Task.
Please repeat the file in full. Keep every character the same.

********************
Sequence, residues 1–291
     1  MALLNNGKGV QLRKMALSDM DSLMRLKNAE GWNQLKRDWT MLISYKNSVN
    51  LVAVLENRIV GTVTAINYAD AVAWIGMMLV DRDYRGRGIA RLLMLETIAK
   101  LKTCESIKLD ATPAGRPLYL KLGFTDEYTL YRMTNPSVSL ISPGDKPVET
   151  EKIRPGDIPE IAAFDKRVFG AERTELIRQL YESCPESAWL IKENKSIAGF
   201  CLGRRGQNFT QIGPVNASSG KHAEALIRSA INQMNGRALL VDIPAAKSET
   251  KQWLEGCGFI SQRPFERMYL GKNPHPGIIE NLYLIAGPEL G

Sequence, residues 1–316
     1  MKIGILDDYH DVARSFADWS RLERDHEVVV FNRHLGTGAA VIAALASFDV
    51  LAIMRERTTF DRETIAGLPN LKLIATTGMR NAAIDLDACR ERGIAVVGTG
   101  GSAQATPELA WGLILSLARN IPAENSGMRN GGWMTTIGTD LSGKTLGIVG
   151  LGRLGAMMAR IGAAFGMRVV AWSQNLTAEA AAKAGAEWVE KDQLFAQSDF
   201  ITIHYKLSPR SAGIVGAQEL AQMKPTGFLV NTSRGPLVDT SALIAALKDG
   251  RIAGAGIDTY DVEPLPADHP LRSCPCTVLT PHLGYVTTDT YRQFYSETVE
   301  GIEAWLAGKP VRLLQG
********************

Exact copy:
Sequence, residues 1–291
     1  MALLNNGKGV QLRKMALSDM DSLMRLKNAE GWNQLKRDWT MLISYKNSVN
    51  LVAVLENRIV GTVTAINYAD AVAWIGMMLV DRDYRGRGIA RLLMLETIAK
   101  LKTCESIKLD ATPAGRPLYL KLGFTDEYTL YRMTNPSVSL ISPGDKPVET
   151  EKIRPGDIPE IAAFDKRVFG AERTELIRQL YESCPESAWL IKENKSIAGF
   201  CLGRRGQNFT QIGPVNASSG KHAEALIRSA INQMNGRALL VDIPAAKSET
   251  KQWLEGCGFI SQRPFERMYL GKNPHPGIIE NLYLIAGPEL G

Sequence, residues 1–316
     1  MKIGILDDYH DVARSFADWS RLERDHEVVV FNRHLGTGAA VIAALASFDV
    51  LAIMRERTTF DRETIAGLPN LKLIATTGMR NAAIDLDACR ERGIAVVGTG
   101  GSAQATPELA WGLILSLARN IPAENSGMRN GGWMTTIGTD LSGKTLGIVG
   151  LGRLGAMMAR IGAAFGMRVV AWSQNLTAEA AAKAGAEWVE KDQLFAQSDF
   201  ITIHYKLSPR SAGIVGAQEL AQMKPTGFLV NTSRGPLVDT SALIAALKDG
   251  RIAGAGIDTY DVEPLPADHP LRSCPCTVLT PHLGYVTTDT YRQFYSETVE
   301  GIEAWLAGKP VRLLQG